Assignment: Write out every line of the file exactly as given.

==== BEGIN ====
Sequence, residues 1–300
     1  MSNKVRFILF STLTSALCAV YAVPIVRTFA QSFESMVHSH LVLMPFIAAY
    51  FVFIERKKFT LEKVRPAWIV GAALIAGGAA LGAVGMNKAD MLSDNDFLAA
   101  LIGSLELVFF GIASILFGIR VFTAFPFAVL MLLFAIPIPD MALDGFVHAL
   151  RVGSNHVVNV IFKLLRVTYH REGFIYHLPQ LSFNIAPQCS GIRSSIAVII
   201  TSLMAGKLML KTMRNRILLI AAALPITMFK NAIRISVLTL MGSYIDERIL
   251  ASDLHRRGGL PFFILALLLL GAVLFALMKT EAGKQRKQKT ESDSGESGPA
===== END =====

Sequence, residues 1–300
     1  MSNKVRFILF STLTSALCAV YAVPIVRTFA QSFESMVHSH LVLMPFIAAY
    51  FVFIERKKFT LEKVRPAWIV GAALIAGGAA LGAVGMNKAD MLSDNDFLAA
   101  LIGSLELVFF GIASILFGIR VFTAFPFAVL MLLFAIPIPD MALDGFVHAL
   151  RVGSNHVVNV IFKLLRVTYH REGFIYHLPQ LSFNIAPQCS GIRSSIAVII
   201  TSLMAGKLML KTMRNRILLI AAALPITMFK NAIRISVLTL MGSYIDERIL
   251  ASDLHRRGGL PFFILALLLL GAVLFALMKT EAGKQRKQKT ESDSGESGPA